It makes you feel like melting in frustration. You know your dog needs to be walked, but he darts through the house every time he sees you reaching for his leash. You bend over, put your hands on your knees, and sigh. “Here we go again.” He hides in the closet behind your clothes, and you can get him out with neither bribes nor pleas. You are thinking to yourself how there must be a way to fix this problem, and you are right. You may have to sow a little work, but in the long run, you can reap wonderful results.
Why does my dog run away when he sees the leash or harness?
Your dog needs both socialization and exercise; thus, it is important to walk your dog. So, when your dog is put off by his leash or harness, it is a serious issue. Generally, dogs love being outdoors, so, when you pull out his leash or harness, and he takes off, you are left wondering what the reason is. That answer is not necessarily an easy one, but there are some common reasons, as well as some less common reasons you can look into, as you must identify the problem before you can begin to solve it.
Could it be to do with my dog’s training?
It is always best to leash train a dog as a puppy, so an obvious answer is that your dog possibly has never been leash trained, which means you will have to start from scratch or hire a trainer. Yes, older dogs can still be trained to walk on a leash. Another possibility is that your dog has been leash trained improperly. If your dog was trained improperly, he may be confused about what to do. A leash training problem is one you will often have with rescue dogs, but take heart, it can be remedied, and rescue dogs, any dogs, are certainly worth the time and trouble.
Could it be to do with my dog’s leash or harness itself?
Is your dog’s collar too tight? The leash would compound that problem. It is more important than you may realize for your dog to have the proper collar or harness and leash. You should not even begin to try leash training your dog without the proper equipment, because if your dog is uncomfortable, he will not be cooperative. Besides, you need to possess a certain amount of control over your dog that you can only achieve with the proper equipment. The same collar does not work for every dog, nor all small collars for all small dogs. Contact the AKC if you are unsure about what type of collar, harness, or leash you need for your dog.
Could it be to do with my dog’s thought process?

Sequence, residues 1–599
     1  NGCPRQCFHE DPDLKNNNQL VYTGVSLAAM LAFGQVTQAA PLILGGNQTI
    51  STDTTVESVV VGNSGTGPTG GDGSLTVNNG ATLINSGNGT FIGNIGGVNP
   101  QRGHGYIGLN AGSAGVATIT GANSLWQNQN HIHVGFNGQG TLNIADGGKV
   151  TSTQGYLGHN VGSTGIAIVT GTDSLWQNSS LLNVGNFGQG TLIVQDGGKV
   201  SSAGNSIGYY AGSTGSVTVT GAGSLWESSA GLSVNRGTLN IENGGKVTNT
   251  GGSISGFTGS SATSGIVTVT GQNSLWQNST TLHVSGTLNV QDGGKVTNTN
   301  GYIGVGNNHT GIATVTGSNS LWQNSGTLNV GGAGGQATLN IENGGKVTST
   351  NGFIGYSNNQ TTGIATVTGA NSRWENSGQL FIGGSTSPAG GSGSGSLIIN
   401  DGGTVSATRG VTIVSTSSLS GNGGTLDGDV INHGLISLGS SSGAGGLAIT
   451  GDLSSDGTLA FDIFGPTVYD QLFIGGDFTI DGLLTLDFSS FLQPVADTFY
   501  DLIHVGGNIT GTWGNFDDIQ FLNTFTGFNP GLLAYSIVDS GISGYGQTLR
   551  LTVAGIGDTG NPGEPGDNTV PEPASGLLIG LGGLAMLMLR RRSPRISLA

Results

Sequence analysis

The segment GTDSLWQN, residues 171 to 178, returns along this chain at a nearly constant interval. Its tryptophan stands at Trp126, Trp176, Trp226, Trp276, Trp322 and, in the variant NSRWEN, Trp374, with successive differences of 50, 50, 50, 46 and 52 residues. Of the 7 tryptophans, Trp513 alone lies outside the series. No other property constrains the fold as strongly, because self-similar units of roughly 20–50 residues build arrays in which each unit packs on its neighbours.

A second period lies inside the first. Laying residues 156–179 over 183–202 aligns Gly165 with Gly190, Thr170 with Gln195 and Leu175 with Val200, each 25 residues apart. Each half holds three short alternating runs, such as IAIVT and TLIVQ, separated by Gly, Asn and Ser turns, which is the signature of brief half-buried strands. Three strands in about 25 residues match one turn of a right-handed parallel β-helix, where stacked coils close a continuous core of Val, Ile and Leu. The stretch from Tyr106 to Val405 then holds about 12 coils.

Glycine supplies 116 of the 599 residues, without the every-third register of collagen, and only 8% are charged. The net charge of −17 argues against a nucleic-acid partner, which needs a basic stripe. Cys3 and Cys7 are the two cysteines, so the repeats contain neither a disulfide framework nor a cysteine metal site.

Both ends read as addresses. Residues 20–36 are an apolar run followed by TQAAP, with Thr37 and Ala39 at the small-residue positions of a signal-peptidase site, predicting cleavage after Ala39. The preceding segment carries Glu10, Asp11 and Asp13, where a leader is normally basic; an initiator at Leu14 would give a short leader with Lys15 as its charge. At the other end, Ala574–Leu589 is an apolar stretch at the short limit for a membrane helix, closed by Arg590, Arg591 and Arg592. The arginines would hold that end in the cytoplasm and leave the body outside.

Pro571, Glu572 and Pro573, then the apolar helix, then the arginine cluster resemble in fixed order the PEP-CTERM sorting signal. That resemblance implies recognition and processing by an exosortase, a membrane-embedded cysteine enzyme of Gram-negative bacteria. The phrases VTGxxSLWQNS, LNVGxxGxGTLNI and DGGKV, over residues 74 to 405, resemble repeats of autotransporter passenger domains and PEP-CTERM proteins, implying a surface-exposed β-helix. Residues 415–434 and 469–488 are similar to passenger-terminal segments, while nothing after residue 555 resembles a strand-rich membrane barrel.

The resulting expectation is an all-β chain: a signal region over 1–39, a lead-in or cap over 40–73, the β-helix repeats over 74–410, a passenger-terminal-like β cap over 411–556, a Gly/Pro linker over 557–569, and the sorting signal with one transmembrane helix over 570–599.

There is a good chance that your leash problem lies in your dog’s thought process. This is what is known as “negative association.” You used to spend every Thanksgiving Day at your Aunt Susan’s, and you always had tons of fun until that one Thanksgiving when you did not. Your cousin thought it would be funny to lock you into the storm cellar. You were in there for two hours before your mother found you. Now, you go ten minutes out of your way to keep from driving by her house.
Why is that? It is a negative association. For you, that property says one thing, “Storm cellar. Storm cellar. Storm cellar.” Maybe something has caused your dog to have a negative association with his leash. Has your dog ever gotten a huge sticker hidden under his collar? Want to know more about what your dog’s negative associations with his leash could be? You should keep reading.
Why does my dog hide when it is time for a walk?
You want to have fun with your dog. You want to be out in the sun with him, meeting new people and new dogs, interacting with them and getting exercise, but no — every time, it is a no-go. You begin to wonder if it is your fault, wonder what you are doing wrong. There is a good chance that you have done nothing at all wrong, and even if you have made a mistake, it can be fixed. There can be a near multitude of reasons for your dog hiding when it is time to go for a walk. See if any of these possibilities sound like your dog.
Could it be something simple?
There could be a simple reason for your dog hiding when it is time to go for a walk. It could be that it is summertime, and your dog does not care for the heat of summer, or it is wintertime, and he does not like the cold.
Could it be physical?
If only he could talk to you and tell you his woes, but he cannot, and because your dog cannot talk to you, you must figure out whether there is a physical reason for his hesitation. Dogs bothered by arthritis, a slipped disc, or bone disease can experience a lot of pain on walks. They may have other hidden issues, as well, like Pancreatitis, Cystitis, or Peritonitis, that would cause them serious pain on a walk.
These problems usually take a visit to the vet for diagnosis, but sometimes there will be hints, such as a change in your dog’s gait or a whine when he goes to lie down. Other physical reasons your dog may not want to go for a walk are that, if his hearing or vision are deteriorating, his depth perception will be changing. This will make a dog’s nerves stand on edge, as he may feel vulnerable.
Could it be a negative association?
Negative associations are powerful. That sticker under that was under his collar is now causing negative associations with his collar, and he does not want to go near it. It is only an example, but you get the idea. Most dogs do not care for a start from a loud noise like a siren and such. It could even be feeling trapped, like getting his leash wrapped around a pole. Bad experiences like these can cause negative associations.
Could it be emotional?